Microservices Done Right, Part 2: More Antipatterns to Avoid

Microservices architecture has become popular over the last several years. Many organizations have seen significant improvements in critical metrics such as time to market, quality, and productivity as a result of implementing microservices. Recently, however, there has been a noticeable backlash against microservices. In this three-part article, I discuss typical antipatterns with implementing microservices, followed by solutions and suggestions for how to avoid these antipatterns. Part 1 and Part 2 discuss the many antipatterns that my colleagues and I have encountered and suggestions for better approaches. Part 3 introduces ways to quantify benefits of microservices.

Part 2: More Microservices Antipatterns to Avoid

Delivery and Operations

Not automating software delivery, testing, operations

If you are successful in implementing microservices, your organization will need to continuously develop and operate hundreds or even thousands of independent services. Doing it manually is wasteful and, frankly, impossible. Additionally, manual interventions can cause quality issues (because humans are not reliable) and slowness (because humans are slow).

To realize the benefits of microservices make sure to automate software delivery, testing, and operations. And do not forget to design and provision for highly reliable, highly available tooling and infrastructure to support this level of automation. Additionally, supporting this level of automation by independent teams requires the supporting infrastructure to provide self-service capabilities so that teams can automate their delivery pipelines, testing, and operations. See below for more about decentralized execution.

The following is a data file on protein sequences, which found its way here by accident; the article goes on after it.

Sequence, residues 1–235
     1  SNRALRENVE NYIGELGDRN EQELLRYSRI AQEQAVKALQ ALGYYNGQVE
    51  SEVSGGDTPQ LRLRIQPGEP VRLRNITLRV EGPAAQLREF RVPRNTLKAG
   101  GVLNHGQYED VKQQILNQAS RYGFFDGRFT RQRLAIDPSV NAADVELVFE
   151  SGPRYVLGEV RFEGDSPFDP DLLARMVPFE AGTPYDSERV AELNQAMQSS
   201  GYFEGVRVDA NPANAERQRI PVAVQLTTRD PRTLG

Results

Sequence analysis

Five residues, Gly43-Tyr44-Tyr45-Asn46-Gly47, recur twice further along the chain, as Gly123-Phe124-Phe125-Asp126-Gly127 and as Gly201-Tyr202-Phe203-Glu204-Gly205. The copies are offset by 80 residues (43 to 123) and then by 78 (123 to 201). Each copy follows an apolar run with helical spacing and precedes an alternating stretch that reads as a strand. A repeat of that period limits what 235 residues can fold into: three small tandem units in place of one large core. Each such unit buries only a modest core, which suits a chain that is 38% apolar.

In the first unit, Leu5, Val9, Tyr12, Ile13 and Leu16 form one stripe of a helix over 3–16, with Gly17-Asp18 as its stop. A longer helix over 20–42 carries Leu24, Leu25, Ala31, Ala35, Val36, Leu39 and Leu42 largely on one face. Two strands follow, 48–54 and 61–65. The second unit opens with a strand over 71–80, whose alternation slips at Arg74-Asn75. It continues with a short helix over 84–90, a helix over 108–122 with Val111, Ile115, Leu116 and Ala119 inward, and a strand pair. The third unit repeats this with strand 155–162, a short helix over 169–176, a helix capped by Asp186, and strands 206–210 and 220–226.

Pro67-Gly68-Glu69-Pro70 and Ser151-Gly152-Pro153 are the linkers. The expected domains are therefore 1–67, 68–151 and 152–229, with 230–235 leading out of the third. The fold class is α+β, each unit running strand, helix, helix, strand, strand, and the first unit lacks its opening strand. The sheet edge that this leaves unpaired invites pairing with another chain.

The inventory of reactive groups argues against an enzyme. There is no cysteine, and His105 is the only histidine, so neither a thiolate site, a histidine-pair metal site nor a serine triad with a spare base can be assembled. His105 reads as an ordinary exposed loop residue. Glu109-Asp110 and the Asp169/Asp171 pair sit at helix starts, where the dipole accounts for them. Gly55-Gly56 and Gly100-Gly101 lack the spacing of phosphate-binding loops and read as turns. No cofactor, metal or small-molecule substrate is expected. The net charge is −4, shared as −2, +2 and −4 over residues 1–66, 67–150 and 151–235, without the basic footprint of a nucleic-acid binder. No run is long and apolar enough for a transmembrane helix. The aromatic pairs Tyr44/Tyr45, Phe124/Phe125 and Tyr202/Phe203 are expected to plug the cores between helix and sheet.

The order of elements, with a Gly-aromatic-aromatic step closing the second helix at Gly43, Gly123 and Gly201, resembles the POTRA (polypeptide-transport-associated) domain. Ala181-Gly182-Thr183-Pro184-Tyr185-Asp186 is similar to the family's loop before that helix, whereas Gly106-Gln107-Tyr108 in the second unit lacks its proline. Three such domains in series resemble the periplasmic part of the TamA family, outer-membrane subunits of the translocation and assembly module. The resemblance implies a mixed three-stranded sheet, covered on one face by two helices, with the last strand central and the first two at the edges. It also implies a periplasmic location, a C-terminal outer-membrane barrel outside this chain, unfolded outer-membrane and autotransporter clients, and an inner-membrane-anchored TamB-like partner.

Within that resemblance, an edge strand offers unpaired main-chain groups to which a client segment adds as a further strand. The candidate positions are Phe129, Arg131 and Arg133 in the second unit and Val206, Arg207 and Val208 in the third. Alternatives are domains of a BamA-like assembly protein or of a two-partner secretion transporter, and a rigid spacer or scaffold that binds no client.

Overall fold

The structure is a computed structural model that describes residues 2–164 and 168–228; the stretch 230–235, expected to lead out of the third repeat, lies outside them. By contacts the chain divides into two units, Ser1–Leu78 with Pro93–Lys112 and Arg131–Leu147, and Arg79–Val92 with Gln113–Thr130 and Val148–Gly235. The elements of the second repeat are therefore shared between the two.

Not automating resource provisioning

Getting hundreds of independent services through delivery to production if you aren’t able to programmatically provision resources sounds like a lot of pain, because it is! Yet companies still do it. Besides being wasteful and painful, this often leads to overprovisioning of physical resources.

Save yourself the pain (and money): embrace and operationalize programmatic provisioning of virtual resources – VMs, containers, etc. Or, when you can, avoid it altogether and go serverless!

Not building quality in

Although possible, achieving a high level of testing automation without addressing quality at the source – when the code is developed – is extremely wasteful. Addressing quality at the source is the most efficient and effective way to achieve high quality.

To achieve high quality, exercise “technical excellence” when developing software: unit testing, TDD, BDD, etc.

Not adjusting testing approaches

Testing hundreds of independent services acting in concert to solve business problems requires changes to testing approaches:

  • Individual services must be tested to contracts.
  • End-to-end functionality can only be tested in production, which, in turn, requires dedicated tooling and feature toggle infrastructure (or equivalent).
  • Approaches to test data management must shift to favor dynamic data synthesis.
  • Move from a probabilistic testing approach to a deterministic one – see my Don’t Test Your Software article for more details.